UPS Prepared Too Well For Christmas Rush And Paid The Price
Published on Jan 25 2015 8:05 AM in Technology
After missing millions of deliveries on Christmas in 2013, United Parcel Service Inc. promised it would do better next time. It hired thousands more workers to ensure it could handle a deluge of shipments on its busiest days.
The improvements worked, maybe too well. While they nailed on-time deliveries during the 2014 Christmas season, on less busy days many workers and trucks were left idle.
The drop in productivity and the extra expenses for training and overtime dragged UPS’s 2014 preliminary earnings well below forecasts, the company said today, sending its stock down the most in more than eight years.
“UPS invested heavily to ensure we would provide excellent service during peak when deliveries more than double,” said David Abney, UPS chief executive officer.
“Though customers enjoyed high quality service, it came at a cost to UPS. Going forward, we will reduce operating costs and implement new pricing strategies during peak season.”
UPS worked almost all of last year on perfecting its plans for the busiest season. It hired 95,000 workers, 73 per cent more than initial plans the previous year, and spent $675 million on improvements including software to aid drivers, building temporary sorting facilities, and extra staff.
The result: Preliminary earnings per share will be $4.75 in 2014, compared with previous forecasts of $4.90 to $5.00, the company said. Fourth-quarter 2014 earnings will be $1.25, compared with analysts’ estimates of $1.47. UPS said it expects 2015 earnings growth to be “slightly below” its previous long-term target of 9 per cent to 13 per cent, due to increased pension costs and currency fluctuations.
UPS dropped the most since July 2006, closing at $102.93, down 9.9 per cent. FedEx Corp. shares also fell, leading the company to reaffirm its own 2015 earnings forecast. FedEx fell 3 per cent to $176.01.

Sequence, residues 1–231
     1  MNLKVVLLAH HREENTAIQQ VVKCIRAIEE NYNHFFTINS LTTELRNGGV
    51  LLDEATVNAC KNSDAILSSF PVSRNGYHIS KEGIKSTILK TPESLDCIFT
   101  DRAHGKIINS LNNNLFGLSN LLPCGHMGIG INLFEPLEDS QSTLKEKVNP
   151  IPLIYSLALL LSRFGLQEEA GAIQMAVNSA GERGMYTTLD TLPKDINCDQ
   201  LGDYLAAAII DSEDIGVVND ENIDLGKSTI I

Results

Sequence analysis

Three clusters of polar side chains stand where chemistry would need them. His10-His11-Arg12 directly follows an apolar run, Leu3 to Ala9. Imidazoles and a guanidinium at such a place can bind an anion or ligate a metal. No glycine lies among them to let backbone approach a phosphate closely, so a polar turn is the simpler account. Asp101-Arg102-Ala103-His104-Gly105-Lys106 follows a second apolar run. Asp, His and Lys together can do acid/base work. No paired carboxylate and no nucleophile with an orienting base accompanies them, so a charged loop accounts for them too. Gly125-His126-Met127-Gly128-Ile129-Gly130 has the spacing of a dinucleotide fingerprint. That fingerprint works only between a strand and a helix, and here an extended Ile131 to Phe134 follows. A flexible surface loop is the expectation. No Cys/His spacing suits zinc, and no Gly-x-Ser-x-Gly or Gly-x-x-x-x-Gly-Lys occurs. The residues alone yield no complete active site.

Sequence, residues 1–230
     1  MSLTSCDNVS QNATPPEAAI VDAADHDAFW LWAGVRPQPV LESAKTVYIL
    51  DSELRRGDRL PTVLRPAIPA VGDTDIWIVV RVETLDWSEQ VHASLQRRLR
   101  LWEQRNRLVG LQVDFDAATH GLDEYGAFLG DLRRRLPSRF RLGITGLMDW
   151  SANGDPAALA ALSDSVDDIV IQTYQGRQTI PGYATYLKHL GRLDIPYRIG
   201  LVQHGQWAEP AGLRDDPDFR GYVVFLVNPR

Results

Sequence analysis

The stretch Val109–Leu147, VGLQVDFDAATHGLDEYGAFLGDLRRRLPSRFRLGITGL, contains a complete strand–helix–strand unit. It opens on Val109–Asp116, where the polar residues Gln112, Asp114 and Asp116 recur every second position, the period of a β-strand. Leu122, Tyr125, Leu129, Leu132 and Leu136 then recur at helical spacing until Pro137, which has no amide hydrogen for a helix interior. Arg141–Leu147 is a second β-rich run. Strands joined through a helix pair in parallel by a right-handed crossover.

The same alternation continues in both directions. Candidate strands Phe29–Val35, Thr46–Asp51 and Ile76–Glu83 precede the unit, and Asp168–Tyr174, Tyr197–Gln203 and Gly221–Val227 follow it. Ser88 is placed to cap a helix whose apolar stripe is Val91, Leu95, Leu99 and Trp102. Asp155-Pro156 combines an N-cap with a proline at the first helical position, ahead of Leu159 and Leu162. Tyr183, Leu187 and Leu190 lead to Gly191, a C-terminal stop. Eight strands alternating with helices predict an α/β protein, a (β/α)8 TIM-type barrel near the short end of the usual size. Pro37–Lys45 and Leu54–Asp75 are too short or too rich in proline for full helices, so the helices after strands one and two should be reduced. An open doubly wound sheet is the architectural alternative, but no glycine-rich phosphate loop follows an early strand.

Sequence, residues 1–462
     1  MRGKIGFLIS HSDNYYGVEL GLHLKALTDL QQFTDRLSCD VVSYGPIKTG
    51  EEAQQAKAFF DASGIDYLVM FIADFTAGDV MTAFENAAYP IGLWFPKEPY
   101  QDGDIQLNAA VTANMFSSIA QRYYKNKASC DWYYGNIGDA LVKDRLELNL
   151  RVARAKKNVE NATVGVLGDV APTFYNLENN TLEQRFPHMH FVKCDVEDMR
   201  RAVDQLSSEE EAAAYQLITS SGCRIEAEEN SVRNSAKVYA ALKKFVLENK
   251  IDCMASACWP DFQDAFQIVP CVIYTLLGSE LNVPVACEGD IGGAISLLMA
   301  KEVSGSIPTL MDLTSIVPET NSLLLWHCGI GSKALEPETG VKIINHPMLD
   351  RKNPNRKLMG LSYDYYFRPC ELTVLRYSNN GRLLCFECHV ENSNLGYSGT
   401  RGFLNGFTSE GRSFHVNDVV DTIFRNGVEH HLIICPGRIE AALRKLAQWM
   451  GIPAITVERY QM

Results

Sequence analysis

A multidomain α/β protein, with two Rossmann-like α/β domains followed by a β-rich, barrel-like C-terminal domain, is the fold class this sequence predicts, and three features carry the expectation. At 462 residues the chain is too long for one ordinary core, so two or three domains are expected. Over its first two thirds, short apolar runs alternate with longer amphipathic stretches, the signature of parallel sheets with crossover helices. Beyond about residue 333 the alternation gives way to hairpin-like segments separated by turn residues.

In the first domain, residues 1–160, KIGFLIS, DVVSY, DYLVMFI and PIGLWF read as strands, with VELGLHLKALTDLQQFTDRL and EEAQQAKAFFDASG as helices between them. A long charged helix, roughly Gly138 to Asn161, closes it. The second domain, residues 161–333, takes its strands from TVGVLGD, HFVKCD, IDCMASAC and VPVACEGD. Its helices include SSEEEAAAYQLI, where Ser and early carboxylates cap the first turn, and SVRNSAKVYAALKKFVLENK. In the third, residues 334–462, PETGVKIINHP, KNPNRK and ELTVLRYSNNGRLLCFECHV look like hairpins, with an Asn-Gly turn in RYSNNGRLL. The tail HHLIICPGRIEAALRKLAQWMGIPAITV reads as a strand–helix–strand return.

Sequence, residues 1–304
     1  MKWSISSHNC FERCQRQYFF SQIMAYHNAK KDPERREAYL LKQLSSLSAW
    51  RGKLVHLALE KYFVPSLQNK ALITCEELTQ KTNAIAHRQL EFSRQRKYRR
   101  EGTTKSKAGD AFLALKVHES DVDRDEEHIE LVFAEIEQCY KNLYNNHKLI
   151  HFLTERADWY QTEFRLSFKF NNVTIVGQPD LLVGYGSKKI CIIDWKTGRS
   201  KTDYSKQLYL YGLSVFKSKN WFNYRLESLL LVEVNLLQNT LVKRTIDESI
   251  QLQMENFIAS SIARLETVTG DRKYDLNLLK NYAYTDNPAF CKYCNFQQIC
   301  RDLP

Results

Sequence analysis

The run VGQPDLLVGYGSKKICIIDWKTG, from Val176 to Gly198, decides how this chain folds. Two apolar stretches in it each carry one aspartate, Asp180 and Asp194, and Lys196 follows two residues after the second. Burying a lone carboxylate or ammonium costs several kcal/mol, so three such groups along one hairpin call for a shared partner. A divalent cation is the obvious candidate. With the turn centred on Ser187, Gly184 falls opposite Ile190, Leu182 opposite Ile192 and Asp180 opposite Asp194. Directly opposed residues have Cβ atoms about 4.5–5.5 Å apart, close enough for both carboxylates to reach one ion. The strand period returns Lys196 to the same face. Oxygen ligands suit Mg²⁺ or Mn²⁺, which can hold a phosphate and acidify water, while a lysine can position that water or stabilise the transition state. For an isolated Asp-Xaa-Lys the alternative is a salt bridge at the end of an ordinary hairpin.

UPS, based in Atlanta, is struggling with how to balance big swings in volume as more people push holiday orders later and do more of their shopping online. The extra capacity was needed to process the extreme spike in package volume on Dec. 1, known as Cyber Monday, and its peak day, Dec. 22, UPS said. Demand was less than it expected on other days.
The U.S. Postal Service also probably contributed to UPS’s woes, said Glenn Gooding, a senior partner at BirdDog Solutions Inc. of Alpharetta, Georgia. The Postal Service has made a strong push into eCommerce and holiday shipping, and some of its new business came from Amazon.com Inc. at UPS’s expense, Gooding said.
The Postal Service, which has had eight consecutive years of losses, reported delivering 524 million packages in December, up 18 percent over the previous year. In October, UPS predicted it would deliver 585 million packages in December.
FedEx also had to make some changes to its peak season planning.
The company saw “some shifts in timing and location for a significant amount of peak volume,” Memphis, Tennessee-based FedEx said in a statement, without being more specific.
In December, FedEx said congestion at U.S. West Coast ports had forced it to make capacity adjustments in key markets and in some cases, led it to impose volume limits on some retail and e- tail customers to meet service commitments.
Investors may punish UPS until the company can prove it has figured out how to deliver peak shipments on time without expanding its network beyond what’s needed, said Kevin Sterling, a BB&T Capital Markets analyst in Richmond, Virginia. He has a hold rating on UPS.
“I don’t know what the secret sauce is to prevent this,” Sterling said. “eCommerce isn’t going to slow. They’ve got to convince investors they’re ready for it.”
News by Bloomberg, edited by ESM